At-the-dump-5Everyone should make a field trip at least once to the dump, it is an experience not easily forgotten.

Construction Debris Removal

Construction-Debris-Removal-2Some of the most time consuming junk removal jobs are those where I remove construction debris. Wood, metal, carpet, concrete, boxes and drywall, all mixed together in one or two big heaps. You need to be very careful while picking through the mess because there are nails sticking out of the wood pieces.

Construction-Debris-Removal-3It’s always better if I can get my truck close enough to it so I can throw all the trash in the truck without having to carry it a long distance, however often it is unavoidable. In cases when I have to transport the debris to the truck, I use a trash can with wheels. I stuff the wood, drywall, metal and all the rest of the junk in the cans and then have to load it again into the truck. It takes a lot longer this way and I charge accordingly.

Construction-Debris-Removal-1There are jobs that require picking up the debris from around the property and this can take a great deal of time as well, especially if the wood and drywall is on a hillside. Most of the time when I pick up construction debris it’s from a remodel job on the house, not new construction. With new construction the contractors


I get a lot of calls to remove wood, drywall cabinets, sinks, toilets and cement mixed with plaster from jobs where the customer’s kitchen, bathroom and other parts of their home were remodeled. The contractors just left all the debris for the customer to get rid of, so there I am, loading all the pieces of plywood, two by fours, plaster, cement and metal into my truck. The home owner’s are usually frustrated, with all the garbage sitting in their driveway on in the back yard, so when I get there they are quite happy to see me and so grateful when it’s all gone.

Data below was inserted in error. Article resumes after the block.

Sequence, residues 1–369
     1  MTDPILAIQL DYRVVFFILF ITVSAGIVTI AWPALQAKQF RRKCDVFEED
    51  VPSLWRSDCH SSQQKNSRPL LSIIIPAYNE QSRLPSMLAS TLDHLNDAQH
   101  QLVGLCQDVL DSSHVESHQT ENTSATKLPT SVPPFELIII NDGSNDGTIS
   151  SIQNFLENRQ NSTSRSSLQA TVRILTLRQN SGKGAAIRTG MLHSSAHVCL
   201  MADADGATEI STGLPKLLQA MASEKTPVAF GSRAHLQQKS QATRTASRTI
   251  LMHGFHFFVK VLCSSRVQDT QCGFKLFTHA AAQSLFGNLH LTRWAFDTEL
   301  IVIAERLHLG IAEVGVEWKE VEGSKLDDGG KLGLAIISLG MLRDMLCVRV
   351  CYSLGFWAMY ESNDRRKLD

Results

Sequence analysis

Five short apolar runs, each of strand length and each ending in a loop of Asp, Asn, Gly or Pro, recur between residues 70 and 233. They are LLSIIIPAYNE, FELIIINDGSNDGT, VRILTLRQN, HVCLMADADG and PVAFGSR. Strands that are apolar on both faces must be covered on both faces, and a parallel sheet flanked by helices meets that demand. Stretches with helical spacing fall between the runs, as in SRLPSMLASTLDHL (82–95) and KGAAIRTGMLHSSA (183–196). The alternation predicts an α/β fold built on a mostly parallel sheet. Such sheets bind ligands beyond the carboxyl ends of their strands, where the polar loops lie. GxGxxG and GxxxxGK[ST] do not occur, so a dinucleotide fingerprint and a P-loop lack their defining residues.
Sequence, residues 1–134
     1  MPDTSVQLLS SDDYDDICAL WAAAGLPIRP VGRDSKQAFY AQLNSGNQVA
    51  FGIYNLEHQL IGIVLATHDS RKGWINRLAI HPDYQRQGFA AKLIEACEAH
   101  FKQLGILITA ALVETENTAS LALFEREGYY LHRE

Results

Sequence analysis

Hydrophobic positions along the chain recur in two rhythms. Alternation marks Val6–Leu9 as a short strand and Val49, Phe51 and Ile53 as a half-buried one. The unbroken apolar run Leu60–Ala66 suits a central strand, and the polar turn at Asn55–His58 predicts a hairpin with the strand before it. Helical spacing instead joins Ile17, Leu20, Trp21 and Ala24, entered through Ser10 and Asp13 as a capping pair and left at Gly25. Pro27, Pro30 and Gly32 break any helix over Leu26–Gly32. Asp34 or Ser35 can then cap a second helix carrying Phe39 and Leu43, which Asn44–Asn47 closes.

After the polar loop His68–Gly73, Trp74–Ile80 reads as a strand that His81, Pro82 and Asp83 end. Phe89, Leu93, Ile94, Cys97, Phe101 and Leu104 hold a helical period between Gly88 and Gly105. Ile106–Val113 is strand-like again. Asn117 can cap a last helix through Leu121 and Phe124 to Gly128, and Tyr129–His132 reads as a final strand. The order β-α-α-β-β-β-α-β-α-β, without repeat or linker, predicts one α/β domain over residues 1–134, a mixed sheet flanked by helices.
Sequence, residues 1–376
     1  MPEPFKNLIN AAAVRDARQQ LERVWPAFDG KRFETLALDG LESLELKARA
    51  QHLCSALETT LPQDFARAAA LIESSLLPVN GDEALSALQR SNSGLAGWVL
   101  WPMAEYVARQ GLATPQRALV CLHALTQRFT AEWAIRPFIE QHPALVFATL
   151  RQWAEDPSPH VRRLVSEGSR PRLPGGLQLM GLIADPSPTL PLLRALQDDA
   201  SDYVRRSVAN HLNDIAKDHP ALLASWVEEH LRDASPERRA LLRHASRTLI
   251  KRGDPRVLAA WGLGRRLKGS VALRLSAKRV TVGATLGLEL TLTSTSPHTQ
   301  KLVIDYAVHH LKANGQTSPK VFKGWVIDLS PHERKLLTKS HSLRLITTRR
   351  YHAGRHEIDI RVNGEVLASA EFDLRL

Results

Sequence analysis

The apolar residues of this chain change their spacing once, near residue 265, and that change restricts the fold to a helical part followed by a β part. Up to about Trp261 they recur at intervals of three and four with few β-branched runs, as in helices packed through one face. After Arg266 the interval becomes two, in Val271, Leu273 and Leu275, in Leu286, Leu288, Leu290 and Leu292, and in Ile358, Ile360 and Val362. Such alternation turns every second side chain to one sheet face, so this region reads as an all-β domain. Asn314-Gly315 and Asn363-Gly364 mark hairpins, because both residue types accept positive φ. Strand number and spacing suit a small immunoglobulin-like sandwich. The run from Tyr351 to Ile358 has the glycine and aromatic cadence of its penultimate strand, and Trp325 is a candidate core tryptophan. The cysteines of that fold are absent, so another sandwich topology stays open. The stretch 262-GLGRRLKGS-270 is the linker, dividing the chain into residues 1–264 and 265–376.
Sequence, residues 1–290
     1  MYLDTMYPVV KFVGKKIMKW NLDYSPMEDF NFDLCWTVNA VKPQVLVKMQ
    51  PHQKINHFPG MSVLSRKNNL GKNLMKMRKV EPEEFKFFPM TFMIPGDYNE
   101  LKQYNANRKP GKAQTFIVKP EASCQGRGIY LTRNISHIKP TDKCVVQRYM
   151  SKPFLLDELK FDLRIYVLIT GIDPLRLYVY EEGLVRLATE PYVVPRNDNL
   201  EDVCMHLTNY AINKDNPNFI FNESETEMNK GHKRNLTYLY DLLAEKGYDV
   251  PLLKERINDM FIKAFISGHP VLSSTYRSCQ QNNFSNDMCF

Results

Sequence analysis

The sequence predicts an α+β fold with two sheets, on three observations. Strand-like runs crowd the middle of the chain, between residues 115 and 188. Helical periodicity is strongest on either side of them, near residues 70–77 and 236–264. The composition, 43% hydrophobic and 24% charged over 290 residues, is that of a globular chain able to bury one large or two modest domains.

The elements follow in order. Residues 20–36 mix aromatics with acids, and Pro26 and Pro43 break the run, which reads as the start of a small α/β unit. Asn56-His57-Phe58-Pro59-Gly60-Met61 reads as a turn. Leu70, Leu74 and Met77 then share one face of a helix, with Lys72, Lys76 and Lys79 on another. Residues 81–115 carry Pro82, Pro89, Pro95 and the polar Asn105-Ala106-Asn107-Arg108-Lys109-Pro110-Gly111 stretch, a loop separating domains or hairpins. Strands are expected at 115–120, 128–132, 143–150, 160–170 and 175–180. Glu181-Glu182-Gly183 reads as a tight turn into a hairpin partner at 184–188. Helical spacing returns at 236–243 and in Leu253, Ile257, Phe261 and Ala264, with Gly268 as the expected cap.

Sometimes roofing materials are mixed in with the rest of all the remodel trash. It’s usually all thrown into one big pile of rubbish and has to be picked through piece of wood and drywall by piece of concrete and metal. Sometimes there are stairs and I have to pull the trash cans full of wood, sheet, rock, metal and bricks up to the street. I’ve had jobs where I had to carry many thousands of pounds of all kinds of construction debris up as many as one hundred steps and up the sides of hill sides in the heat waves.

Office Clean-Outs

I’ve done a lot of office clean – outs where I remove various types of furniture such as desks, credenzas, wood coffee tables, end tables, wood and metal filing cabinets, Sometimes they are in downtown Los Angeles, sometimes in the San Fernando Valley. I’ve cleaned out commercial offices from Santa Clarita to Torrance, and Moorepark to Covina and La Habra. Removing the furniture from commercial offices is one of my favorite jobs. It’s clean work and just basically moving of furniture. Often though the desks, and wood cabinets need to be broken down and that is where the work is. Some of the offices that are down town have long distances to transport the book cases, credenzas and desks. Often times the office I am removing the things from is up several floors and there is a long carry to the elevators, which are usually very busy, so there is a wait. Parking can also be very difficult in these cases and make things very problematic.


On some office clean – outs I de construct the metal and fabric cubicles which again takes time. They are flat so they load fast and pack well. I’ve removed the metal file cabinets from medical offices when they went paperless, cabinets that cost thousands of dollars, along with beautiful wood desks that were even more expensive. Some of the desks and computer module stations were so big that I had to disassemble them and take the pieces to the dump because they were too large for the Salvation Army or Goodwill to take. I try to donate as much as I can but they won’t take everything.

Commercial office clearing generally pays very well and is pretty straight-forward. Usually all I need is my drill to de-construct the desk units, partitions and wall units which are wood and metal book cases and cabinets. When I get it all down to the truck I use my mini sledge hammer to break it all to flats. It’s amazing how many desks you can get in a space when they are broken down. I often can’t donate desks, book cases and other pieces of good furniture to the Good will or Salvation Army because the client is in a hurry to have the office space cleared and it would just take too much time going back and forth with all the furniture. I remember removing all the furniture from an office in Santa Monica which was just down the street from the Goodwill on Wilshire Blvd. had couches, coffee tables, credenzas, book cases, chairs and tables. Each load only took about thirty minutes round trip. That was one of the best jobs I’ve had.